Updated September 2017.
Columbus joined the National Hockey League in 2000. The winning name, chosen by a name-the-team contest, represents Ohio’s patriotic contributions during the Civil War. More Union soldiers hailed from Ohio than any other state and many of the blue jackets worn as part of their uniforms were made in Columbus.
At the 2002 draft, the Blue Jackets selected forward Rick Nash first overall. Nash quickly became the face of the franchise. He tied for the league lead in goal scoring in 2003-04, but even his offense couldn’t help the Jackets reach the postseason.
Columbus finally made the playoffs in 2008-09, though their run was short-lived. The team was eliminated in a four-game sweep by the eventual Western Conference champion Detroit Red Wings. Goaltender Steve Mason was a major part of the team’s success that season. He won the Calder Trophy as the league’s rookie of the year and was nominated for the Vezina. Sadly, he was unable to maintain his high level of play. The team’s performance slipped, as did Mason’s, and they missed the playoffs the following season.
The team rebuilt their lineup in 2012, acquiring blueliner Jack Johnson and goaltender Sergei Bobrovsky, while sending captain Rick Nash to the New York Rangers.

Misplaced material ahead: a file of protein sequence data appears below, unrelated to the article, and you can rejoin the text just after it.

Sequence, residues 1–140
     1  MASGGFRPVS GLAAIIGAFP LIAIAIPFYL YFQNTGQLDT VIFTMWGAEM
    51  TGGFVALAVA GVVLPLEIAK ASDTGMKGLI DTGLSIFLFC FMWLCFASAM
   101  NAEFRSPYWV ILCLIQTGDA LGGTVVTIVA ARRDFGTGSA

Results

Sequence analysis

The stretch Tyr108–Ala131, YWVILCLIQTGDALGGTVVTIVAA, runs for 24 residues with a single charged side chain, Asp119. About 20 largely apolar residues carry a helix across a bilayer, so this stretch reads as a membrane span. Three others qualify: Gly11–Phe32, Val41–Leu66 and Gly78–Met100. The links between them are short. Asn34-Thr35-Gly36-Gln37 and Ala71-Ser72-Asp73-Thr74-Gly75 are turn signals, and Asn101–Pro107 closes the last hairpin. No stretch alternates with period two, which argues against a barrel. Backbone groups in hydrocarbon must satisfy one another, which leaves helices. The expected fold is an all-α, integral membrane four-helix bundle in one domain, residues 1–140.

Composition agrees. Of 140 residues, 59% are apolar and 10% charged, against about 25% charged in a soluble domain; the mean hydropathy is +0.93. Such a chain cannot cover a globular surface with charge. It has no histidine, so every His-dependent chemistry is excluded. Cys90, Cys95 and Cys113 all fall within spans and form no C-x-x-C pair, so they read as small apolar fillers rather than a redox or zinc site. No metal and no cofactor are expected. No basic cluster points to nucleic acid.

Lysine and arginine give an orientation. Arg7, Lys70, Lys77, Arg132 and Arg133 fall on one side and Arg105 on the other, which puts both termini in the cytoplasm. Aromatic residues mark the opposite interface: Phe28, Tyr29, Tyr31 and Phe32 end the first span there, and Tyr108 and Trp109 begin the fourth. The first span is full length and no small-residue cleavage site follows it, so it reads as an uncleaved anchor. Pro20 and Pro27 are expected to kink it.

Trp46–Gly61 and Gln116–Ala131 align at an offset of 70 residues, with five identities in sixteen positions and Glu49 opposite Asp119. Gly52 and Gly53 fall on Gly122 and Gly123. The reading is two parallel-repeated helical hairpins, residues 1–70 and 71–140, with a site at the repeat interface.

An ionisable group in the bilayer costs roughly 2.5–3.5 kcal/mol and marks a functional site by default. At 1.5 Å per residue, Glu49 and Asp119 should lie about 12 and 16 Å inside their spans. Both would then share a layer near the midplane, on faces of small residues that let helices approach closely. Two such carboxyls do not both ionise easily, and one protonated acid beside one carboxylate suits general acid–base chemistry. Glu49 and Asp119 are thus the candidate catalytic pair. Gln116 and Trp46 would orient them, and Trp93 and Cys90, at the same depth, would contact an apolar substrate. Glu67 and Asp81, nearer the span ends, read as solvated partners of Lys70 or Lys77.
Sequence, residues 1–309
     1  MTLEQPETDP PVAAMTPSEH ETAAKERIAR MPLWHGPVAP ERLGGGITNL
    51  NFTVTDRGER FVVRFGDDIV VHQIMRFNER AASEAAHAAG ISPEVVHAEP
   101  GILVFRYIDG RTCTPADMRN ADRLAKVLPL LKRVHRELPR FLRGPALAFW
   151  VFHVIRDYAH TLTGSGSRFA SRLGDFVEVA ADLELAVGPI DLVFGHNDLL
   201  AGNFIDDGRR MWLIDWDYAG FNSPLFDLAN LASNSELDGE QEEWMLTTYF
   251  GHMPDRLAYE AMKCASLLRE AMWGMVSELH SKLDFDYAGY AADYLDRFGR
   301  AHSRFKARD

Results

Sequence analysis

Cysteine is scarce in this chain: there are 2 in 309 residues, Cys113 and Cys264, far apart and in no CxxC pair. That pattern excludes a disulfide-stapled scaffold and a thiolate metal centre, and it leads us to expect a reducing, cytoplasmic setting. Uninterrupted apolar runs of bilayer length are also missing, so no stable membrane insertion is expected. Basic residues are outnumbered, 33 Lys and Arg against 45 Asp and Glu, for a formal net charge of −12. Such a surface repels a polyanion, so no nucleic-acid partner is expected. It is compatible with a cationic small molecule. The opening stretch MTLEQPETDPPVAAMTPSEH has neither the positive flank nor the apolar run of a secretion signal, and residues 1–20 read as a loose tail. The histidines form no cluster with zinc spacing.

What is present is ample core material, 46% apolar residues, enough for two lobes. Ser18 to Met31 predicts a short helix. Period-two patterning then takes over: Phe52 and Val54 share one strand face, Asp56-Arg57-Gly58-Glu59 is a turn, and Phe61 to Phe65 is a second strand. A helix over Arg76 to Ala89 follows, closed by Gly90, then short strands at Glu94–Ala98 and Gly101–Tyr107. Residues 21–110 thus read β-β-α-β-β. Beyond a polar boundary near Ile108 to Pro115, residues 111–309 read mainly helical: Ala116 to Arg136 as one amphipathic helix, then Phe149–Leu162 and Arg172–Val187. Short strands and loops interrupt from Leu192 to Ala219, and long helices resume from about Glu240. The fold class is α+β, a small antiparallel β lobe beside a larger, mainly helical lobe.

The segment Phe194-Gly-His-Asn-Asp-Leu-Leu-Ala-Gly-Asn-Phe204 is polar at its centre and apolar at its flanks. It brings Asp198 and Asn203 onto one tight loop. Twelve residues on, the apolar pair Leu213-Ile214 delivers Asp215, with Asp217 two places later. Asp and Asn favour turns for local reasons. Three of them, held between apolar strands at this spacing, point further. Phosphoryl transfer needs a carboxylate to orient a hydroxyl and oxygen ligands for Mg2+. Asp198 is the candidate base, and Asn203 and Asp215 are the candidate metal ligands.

The league realigned during the summer of 2013 and sent Columbus, along with Detroit, to the Eastern Conference. Columbus – led by the Vezina-winning Bobrovsky – returned to the postseason the following year, but again lost in the opening round. They missed the playoffs by just nine points in 2015.
Columbus was a team believed to be heading toward greatness in 2015-16, but again missed out on the playoffs. The club, which traded forward Ryan Johansen for up-and-coming defenseman Seth Jones earlier in the year, drafted third overall and selected Pierre-Luc Dubois, a talented left winger currently playing in the QMJHL.
However, 2016-17 brought winds of change to the franchise, as head coach John Tortorella led the team to its best finish in history, posting 108 points and finishing third in the Metropolitan Division. The reward? Facing the defending Stanley Cup-champion Pittsburgh Penguins in the first round, who took the series, four games to one.
Feature photo courtesy Mel | Flickr
This post produced in collaboration with Josh Smith, managing editor of ScoutingTheRefs.com.
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